Geographical, cultural, and monetary barriers that keep people from receiving health care are like ’toxic cloud,’ speaker says

Thursday, September 15, 2005

TYLER -- Imagine a toxic cloud smothering parts of the United States, killing people. But those dying are poor, are black or Hispanic or Native American, don’t speak or understand English very well, can barely read, or live in small rural communities without reliable transportation.

Geographical, cultural, and monetary barriers to receiving adequate health care in the United States have the same effect as such a toxic cloud, said Marsha Regenstein, Ph.D., vice president for research at the National Association of Public Hospitals in Washington, D.C. She spoke Thursday during the first day of "The ABCs of Health Disparities: Access, Behavior, Costs," a conference sponsored by The University of Texas Health Science Center at Tyler at the TASCA Ornelas Activity Center in Tyler.

A recent study showed that, if African-Americans in the United States had enjoyed the same improvements in health care that whites did from 1991-2000, more than 886,000 lives could have been saved, Dr. Regenstein said. Because of racial health disparities, the study estimated just 176,633 lives were saved during the decade, she said. The study’s results were published in 2004 in the American Journal of Public Health.

"I think that what’s happened in New Orleans is a health disparity," Dr. Regenstein said, referring to the death and devastation wreaked by Hurricane Katrina and the inadequate response to that disaster. Many residents left behind in the flooded city were African-Americans who lived in low-income neighborhoods that were the most vulnerable to flooding.

"Health disparities are pervasive. They affect all parts of the country and all types of services," Dr. Regenstein told the crowd of about 100 people. Still, there’s not a lot of information about how much money the unequal delivery of health care costs the United States.

"I think there’s a lot of bang for the buck when you address chronic conditions, especially those such as diabetes, asthma, and HIV/AIDS" she said. But there’s no guarantee ending health disparities would reduce the total amount of money spent on health care.

While most medical professionals recognize that health disparities exist, they don’t acknowledge their role in them. "I think the individual provider has not made the leap that he or she might individually contribute to these disparities, because that’s an uncomfortable position to be in," Dr. Regenstein said.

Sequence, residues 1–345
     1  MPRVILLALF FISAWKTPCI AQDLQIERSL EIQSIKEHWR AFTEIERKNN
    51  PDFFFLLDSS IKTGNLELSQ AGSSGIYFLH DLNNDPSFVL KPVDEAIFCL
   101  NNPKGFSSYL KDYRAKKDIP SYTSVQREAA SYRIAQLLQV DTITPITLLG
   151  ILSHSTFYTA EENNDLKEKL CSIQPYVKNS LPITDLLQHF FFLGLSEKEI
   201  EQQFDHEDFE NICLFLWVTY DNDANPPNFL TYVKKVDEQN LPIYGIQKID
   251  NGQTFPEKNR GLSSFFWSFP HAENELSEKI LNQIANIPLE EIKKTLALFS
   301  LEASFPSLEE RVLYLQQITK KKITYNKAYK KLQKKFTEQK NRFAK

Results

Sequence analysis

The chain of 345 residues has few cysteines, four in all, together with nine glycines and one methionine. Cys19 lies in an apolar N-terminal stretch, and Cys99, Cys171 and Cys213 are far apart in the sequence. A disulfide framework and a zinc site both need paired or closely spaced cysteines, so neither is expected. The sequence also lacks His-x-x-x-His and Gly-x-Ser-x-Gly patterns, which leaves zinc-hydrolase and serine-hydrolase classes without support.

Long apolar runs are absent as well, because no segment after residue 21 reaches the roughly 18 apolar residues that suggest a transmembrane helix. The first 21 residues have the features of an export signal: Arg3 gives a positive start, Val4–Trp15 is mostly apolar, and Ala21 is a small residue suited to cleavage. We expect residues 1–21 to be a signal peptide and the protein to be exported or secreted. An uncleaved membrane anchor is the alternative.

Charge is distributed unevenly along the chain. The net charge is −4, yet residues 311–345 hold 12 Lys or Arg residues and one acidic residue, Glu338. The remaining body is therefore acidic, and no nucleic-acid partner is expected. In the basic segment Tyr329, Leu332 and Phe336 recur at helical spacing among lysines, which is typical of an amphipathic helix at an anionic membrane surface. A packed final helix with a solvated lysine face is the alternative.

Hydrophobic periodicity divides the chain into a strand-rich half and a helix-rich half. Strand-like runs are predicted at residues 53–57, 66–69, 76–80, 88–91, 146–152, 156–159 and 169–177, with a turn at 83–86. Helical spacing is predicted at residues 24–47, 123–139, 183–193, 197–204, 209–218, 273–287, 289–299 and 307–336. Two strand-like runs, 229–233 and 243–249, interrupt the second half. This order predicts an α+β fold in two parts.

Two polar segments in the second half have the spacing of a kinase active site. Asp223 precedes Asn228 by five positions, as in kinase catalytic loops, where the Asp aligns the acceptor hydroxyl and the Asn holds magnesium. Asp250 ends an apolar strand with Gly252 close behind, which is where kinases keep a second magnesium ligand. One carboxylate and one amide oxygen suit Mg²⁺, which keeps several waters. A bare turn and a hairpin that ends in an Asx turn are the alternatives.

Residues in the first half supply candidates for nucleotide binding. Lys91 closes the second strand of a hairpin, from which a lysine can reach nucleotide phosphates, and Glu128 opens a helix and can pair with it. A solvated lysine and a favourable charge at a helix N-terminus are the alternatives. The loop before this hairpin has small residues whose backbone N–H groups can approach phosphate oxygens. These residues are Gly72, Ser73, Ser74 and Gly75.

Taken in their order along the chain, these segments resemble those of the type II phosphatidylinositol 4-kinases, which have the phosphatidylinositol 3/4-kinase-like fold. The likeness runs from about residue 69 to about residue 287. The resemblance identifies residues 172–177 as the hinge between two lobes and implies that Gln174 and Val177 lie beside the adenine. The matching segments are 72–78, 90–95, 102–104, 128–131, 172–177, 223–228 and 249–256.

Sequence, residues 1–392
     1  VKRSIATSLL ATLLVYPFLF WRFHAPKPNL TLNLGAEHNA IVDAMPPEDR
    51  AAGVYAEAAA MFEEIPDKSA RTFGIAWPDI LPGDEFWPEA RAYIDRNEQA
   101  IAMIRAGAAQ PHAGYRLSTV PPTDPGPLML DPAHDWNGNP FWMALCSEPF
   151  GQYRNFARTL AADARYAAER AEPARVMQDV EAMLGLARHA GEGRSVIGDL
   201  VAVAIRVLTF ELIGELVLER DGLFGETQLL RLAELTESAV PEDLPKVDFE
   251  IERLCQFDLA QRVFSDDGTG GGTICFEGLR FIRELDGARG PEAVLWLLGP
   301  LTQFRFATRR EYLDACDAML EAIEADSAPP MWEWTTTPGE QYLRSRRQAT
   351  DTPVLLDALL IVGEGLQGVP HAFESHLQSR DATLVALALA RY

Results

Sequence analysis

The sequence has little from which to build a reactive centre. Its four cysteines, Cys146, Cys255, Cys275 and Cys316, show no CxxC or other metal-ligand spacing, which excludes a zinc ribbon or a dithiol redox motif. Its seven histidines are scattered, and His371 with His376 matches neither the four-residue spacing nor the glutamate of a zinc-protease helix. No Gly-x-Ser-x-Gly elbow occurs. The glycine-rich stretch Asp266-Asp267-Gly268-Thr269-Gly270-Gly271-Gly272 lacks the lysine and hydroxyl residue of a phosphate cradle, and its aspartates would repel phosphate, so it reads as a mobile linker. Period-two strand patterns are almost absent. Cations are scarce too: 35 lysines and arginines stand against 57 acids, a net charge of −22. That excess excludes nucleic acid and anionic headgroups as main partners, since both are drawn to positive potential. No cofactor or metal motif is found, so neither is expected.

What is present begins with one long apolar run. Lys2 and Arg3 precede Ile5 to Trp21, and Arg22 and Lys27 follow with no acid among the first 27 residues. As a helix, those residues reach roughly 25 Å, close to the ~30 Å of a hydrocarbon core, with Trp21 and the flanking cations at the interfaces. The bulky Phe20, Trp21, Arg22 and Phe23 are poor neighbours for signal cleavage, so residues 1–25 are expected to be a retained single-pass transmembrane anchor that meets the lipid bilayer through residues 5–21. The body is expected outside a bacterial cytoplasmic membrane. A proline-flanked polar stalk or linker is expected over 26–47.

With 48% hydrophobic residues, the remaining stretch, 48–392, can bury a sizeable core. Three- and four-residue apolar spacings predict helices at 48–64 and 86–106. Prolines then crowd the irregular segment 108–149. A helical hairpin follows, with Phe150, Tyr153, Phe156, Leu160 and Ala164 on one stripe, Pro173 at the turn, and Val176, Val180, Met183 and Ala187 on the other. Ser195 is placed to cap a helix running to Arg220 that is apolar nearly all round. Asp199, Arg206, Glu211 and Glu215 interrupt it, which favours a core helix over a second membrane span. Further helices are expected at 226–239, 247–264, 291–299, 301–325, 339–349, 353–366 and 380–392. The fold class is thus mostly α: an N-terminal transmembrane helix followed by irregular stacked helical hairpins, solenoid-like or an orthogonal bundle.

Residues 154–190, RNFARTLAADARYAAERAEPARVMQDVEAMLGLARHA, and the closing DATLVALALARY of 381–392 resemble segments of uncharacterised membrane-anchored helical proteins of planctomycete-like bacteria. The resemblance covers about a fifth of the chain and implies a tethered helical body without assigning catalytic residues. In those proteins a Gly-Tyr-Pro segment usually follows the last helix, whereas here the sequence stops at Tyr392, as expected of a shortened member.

Christie Osuagwu, director of Community Outreach and Health Disparities at UTHSCT, said minorities aren’t the only people affected by unequal access to health care.

"There are many whites who face health disparities because they live below the poverty line. Poverty is a baseline for health disparities," said Osuagwu, a nurse practitioner who has a master’s degree in public health.

Dr. Paul McGaha, regional director of the Texas Department of State Health Services (TDSHS), spoke of the health care needs of Hurricane Katrina evacuees.

"We have a new health disparity in our own back yard. Our population has increased by thousands. These are people who came (to East Texas) without a medical history, without medications," Dr. McGaha said, praising the volunteers who have mobilized to take care of evacuees.

"UT Health Science Center has stepped up to the plate and helped enormously. That kind of response has been happening all over East Texas, in Gregg County, in Nacogdoches County," he said.

The increase in the number of economically disadvantaged people using public health care will strain local resources, Dr. McGaha said.

"It will take a major investment by all, including the medical and health-care providers, to address this. Our population in Tyler increased 2 or 3 percent. That’s going to cause some issues. This is a good opportunity to help our friends in need, and to assess the delivery of health care, not only to these displaced people, but also to our local population," he said.

Dr. McGaha and Osuagwu spoke in place of Kimberly McCoy-Daniels, director of the Office for the Elimination of Health Disparities at the TDSHS. McCoy-Daniels was unable to attend the conference due to a sudden illness.

Today, UTHSCT President Dr. Kirk A. Calhoun and UT System Executive Vice Chancellor for Health Affairs will speak on, respectively, geriatric health disparities and health disparities in America.

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